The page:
Institutional investors often look at what their peers are doing to inform their investment strategy. Likewise, individual investors often look to large institutions for innovative investment ideas.
Recently, Greenwich Associates, an unaffiliated research company, conducted a study to better understand how marketplace lending is perceived and the current state of adoption within the institutional investing community.
The Greenwich Marketplace Lending research study was conducted from August to October 2017. The study interviewed 74 investors from pension plans and asset managers with a total of over $3.5 trillion in assets to understand how marketplace lending is perceived and the current state of adoption within the institutional investing community. Among the sample, 21 were current investors in marketplace loans and 53 were not.
Below are four takeaways from the study that point to how institutions are considering marketplace lending investments.
Sixty-seven percent of institutional investors cited the higher yield that marketplace loans tend to offer as their primary reason for investing. Diversification and low correlation to other asset classes, efficient access to a new asset, and low volatility were also identified as important factors driving the decision to invest (see below).
Institutions already investing in marketplace loans are satisfied with their experience, with 57% planning to increase allocations.
Marketplace loans are unique assets. They share some characteristics with short maturity bonds and high yield bonds (as those assets typically mature in either three to five years and offer a higher coupon). For this reason, many investors reported thinking of marketplace loans as part of their fixed income portfolio, as replacements for individual bonds or bond funds. At the same time, when packaged into a securitized product (where assets are pooled and then sold as a single security), marketplace loans can resemble structured products, such as asset-backed securities (ABS). Other institutional investors who purchase whole loans (rather than fractions or securitized pools of loans) reported comparing the assets to bank or leveraged loans.
Because marketplace loans can be used for many different reasons, one of the first questions that investors may face when considering marketplace loans is how to categorize them. For over two-thirds of surveyed institutional investors currently invested in MPL (see chart below), they fall in the category of structured products, putting them alongside ABS and collateralized loan obligations (CLOs). Almost half of current investors reported viewing them as short-duration instruments and one-third as high-yield bonds.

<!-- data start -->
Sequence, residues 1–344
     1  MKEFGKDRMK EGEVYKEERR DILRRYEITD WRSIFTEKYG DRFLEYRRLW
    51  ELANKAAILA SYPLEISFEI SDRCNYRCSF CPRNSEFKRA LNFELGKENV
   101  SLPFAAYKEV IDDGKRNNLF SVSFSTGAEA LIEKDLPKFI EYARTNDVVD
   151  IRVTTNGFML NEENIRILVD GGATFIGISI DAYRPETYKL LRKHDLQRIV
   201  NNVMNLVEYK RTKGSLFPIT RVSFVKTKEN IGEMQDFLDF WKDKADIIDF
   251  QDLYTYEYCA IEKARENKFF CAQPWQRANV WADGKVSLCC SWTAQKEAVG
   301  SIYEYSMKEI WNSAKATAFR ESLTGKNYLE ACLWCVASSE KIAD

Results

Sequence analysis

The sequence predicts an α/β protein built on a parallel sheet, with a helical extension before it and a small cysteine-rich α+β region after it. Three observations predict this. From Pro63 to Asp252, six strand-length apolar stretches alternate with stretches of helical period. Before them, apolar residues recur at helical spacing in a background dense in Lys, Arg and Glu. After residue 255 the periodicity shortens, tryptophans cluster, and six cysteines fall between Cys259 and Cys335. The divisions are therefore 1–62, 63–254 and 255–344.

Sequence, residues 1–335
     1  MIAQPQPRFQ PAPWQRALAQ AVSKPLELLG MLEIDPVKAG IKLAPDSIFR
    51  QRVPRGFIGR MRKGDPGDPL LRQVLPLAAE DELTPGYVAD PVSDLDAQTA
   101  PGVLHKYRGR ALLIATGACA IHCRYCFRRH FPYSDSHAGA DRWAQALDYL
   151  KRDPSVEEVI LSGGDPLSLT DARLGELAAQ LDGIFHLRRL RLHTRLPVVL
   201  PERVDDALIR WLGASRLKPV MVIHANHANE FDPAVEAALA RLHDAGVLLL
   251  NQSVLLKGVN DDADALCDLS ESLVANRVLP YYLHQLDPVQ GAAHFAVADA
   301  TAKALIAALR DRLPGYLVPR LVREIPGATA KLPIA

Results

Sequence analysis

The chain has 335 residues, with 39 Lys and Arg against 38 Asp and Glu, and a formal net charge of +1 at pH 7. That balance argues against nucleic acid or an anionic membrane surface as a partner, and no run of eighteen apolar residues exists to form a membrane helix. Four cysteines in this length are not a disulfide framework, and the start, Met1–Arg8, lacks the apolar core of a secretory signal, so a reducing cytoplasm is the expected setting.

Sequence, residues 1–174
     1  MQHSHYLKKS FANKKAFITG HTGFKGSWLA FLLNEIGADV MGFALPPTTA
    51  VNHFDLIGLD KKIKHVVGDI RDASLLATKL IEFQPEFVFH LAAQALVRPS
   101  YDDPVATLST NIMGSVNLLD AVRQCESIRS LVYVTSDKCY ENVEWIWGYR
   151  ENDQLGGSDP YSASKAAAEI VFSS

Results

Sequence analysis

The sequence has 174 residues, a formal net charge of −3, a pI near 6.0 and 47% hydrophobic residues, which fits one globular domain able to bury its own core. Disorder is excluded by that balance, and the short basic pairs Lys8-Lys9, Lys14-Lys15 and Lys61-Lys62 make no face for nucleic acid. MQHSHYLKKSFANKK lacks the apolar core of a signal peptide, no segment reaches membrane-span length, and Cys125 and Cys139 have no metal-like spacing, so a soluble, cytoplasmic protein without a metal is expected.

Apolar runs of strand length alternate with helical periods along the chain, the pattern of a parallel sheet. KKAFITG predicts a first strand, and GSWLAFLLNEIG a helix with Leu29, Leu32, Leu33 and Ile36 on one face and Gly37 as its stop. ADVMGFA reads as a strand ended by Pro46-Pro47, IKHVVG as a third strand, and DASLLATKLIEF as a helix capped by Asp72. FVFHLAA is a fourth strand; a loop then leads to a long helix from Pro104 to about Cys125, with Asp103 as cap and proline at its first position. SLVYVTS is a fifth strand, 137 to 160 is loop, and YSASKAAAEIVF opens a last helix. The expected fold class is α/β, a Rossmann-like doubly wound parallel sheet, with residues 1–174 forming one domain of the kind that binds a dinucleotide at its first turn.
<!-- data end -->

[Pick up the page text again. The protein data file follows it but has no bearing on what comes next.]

Almost 40% of institutional investors who are not yet invested in marketplace loans said they didn’t know how to characterize them. This suggests that while early adopters are finding value using marketplace loans in a range of portfolio applications, the potential for future adoption is still vast as more investors become aware of the asset class.
Survey respondents indicated greater institutional investor adoption will be driven by three primary catalysts:
Current and potential investors also indicated there are a few obstacles that need to be overcome before initiating an investment in marketplace loans. Chief among them is getting comfortable with the idea of performance during a downturn. While several platforms have a multi-year track record, and a few platforms like LendingClub began before the financial crisis, investors have less data upon which to draw strong conclusions about downturn performance.
Over the past 10 years, marketplace lending has established its relevance as an innovative way for investors to access a new asset class. The next decade will decide whether the industry moves from being a niche investment to the mainstream. A majority of current investors, 52%, believe that marketplace lending will be a significant player in the financial system in the next 10 years. This is another meaningful vote of confidence in the industry.
For more information on how LendingClub could fit into your long term investment strategy, check out this post on 5 strategies for using LendingClub Notes.
LendingClub was not involved in performing the study summarized above and cannot verify the accuracy of the statistical information contained within.
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